v. 11. Thou also, namely, Nineveh, shalt be drunken, upon receiving the cup of God's fury in judgment; thou shall be hid, covered over, as though she had never existed; thou also shalt seek strength because of the enemy, protection or refuge before the advancing enemy, without being able to find it.
v. 12. All thy strongholds, the fortresses and castles of the Assyrian country, shall be like fig-trees with the first-ripe figs, considered a special delicacy; if they be shaken, they shall even fall into the mouth of the eater, they would readily be taken by the invading enemy.
v. 13. Behold, thy people in the midst of thee are women, without strength and courage for the battle; the gates of thy land shall be set wide open, the Lord making the land easy of access to the invaders, unto thine enemies; the fire shall devour thy bars, those which held the great gates of the city shut.
v. 14. Draw thee waters for the siege, that needed for a long period of siege of the enemies; fortify thy strongholds, strengthening the forts; go into clay, for making bricks, and tread the mortar, in order to fashion bricks for the bulwarks; make strong the brick-kiln, in order to burn the bricks.
v. 15. There shall the fire devour thee, in the very midst of these preparations; the sword shall cut thee off, it shall eat thee up like the canker-worm, as locusts destroy; make thyself many as the canker-worm, like devouring insects; make thyself many as the locusts. The thought is this: The fire and the sword, like locusts devouring everything before them, would consume Nineveh, even though the city with its masses of houses and inhabitants would resemble a swarm of locusts.
v. 16. Thou hast multiplied thy merchants above the stars of heaven, the number of its people engaged in commercial pursuits of every kind being very great; the canker-worm spoileth, literally, "the licking locusts enter to plunder,". and fleeth away, the military might of Assyria being powerless before the armies of the invaders.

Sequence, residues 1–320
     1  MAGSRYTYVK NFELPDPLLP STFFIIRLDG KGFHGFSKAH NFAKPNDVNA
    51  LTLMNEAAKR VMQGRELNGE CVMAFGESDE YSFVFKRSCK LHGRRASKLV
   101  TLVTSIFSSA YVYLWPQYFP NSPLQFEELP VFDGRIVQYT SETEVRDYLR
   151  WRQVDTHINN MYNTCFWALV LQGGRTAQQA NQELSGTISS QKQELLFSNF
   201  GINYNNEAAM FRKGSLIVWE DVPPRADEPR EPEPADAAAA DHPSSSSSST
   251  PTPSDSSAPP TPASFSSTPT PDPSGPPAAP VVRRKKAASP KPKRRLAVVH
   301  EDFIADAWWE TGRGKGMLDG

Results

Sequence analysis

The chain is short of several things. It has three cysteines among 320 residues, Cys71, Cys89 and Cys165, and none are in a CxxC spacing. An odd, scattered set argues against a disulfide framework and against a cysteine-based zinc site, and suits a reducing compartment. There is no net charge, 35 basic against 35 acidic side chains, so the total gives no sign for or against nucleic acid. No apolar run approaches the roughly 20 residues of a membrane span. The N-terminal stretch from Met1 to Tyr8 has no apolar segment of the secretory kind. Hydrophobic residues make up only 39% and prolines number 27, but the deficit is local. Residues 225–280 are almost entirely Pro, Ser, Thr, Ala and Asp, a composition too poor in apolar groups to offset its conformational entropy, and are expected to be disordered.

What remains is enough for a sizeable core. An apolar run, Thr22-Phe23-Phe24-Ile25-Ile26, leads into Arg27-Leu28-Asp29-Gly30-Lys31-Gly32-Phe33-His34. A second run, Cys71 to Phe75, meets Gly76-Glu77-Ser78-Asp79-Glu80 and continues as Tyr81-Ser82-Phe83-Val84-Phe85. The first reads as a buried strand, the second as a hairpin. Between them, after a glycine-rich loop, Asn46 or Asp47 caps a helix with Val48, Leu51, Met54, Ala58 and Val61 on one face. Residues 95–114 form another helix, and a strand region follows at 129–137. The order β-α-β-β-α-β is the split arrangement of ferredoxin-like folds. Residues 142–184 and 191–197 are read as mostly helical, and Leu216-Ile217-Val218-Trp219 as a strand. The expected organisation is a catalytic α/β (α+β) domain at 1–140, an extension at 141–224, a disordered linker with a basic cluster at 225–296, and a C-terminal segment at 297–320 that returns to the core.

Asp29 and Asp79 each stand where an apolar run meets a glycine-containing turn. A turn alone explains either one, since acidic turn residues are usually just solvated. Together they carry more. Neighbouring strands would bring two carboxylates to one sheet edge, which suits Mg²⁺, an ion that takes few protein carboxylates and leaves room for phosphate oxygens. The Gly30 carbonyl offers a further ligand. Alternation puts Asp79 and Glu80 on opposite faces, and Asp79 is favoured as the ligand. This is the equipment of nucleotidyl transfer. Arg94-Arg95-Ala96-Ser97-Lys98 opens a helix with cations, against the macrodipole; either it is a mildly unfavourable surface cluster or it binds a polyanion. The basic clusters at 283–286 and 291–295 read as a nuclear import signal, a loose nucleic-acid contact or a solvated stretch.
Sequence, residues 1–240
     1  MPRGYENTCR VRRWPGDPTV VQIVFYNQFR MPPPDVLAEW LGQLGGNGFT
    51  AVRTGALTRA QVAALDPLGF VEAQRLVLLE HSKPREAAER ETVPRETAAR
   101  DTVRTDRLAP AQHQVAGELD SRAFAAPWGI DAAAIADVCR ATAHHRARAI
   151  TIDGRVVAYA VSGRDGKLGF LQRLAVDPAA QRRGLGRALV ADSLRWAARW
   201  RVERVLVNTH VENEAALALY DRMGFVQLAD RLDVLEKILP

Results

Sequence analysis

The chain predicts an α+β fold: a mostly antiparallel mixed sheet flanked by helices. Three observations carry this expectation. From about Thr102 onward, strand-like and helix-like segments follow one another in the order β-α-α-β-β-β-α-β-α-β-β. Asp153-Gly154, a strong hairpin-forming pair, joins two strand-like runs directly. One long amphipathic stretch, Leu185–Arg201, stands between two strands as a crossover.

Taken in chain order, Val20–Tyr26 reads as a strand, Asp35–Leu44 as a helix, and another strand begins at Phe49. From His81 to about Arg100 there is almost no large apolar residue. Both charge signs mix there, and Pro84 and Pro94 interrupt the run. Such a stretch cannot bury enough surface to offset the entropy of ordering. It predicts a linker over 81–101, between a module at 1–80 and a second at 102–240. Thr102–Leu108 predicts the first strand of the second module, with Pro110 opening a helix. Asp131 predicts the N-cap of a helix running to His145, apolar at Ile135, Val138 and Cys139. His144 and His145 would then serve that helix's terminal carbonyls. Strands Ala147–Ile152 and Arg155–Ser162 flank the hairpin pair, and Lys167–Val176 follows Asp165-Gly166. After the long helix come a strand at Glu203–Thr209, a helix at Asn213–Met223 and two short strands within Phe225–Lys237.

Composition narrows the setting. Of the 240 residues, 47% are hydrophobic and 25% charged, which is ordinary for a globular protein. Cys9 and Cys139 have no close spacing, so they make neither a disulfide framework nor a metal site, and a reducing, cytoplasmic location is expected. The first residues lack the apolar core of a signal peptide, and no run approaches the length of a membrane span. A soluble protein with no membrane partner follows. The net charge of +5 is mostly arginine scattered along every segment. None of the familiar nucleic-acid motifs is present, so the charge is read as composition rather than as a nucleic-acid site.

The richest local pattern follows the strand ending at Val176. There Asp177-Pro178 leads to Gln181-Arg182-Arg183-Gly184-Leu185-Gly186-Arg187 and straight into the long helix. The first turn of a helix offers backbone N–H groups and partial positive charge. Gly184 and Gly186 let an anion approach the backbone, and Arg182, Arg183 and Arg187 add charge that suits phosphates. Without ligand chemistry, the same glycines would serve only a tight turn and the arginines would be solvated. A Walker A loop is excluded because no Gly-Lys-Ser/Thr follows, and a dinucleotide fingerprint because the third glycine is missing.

v. 17. Thy crowned, the vassal princes, are as the locusts, and thy captains, the commanders of her armies, as the great grasshoppers, which camp in the hedges in the cold day, too chilled to use their wings; but when the sun ariseth, they flee away, and their place is not known where they are. In a similar way the Assyrian army would vanish from sight; it would not be in evidence to withstand the invaders.
v. 18. Thy shepherds slumber, O king of Assyria, that is, the mighty ones, the leaders of the people, were resting in a false security; thy nobles shall dwell in the dust, rather, "thy powerful ones are lying still," not making a move to defend their country; thy people is scattered upon the mountains, and no man gathereth them, no one assumes the leadership over them, and so their identity as an Assyrian nation is lost.
v. 19. There is no healing of thy bruise, of the fracture which the Lord had inflicted; thy wound is grievous, the stroke or ruin being deadly; all that hear the bruit, the report, of thee shall clap the hands over thee, in a gesture of joy over the downfall of the oppressor; for upon whom hath not thy wickedness passed continually? The Lord indeed used Assyria as His scourge, but He, at the same time, wanted Assyria to acknowledge His sovereignty. When Nineveh and the entire country, therefore, persisted in its wickedness, His punishment came upon the land with crushing force.
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Kretzmann, Paul E. Ph. D., D. D. "Commentary on Nahum 3". "Kretzmann's Popular Commentary". https://www.studylight.org/
the Sixth Week after Easter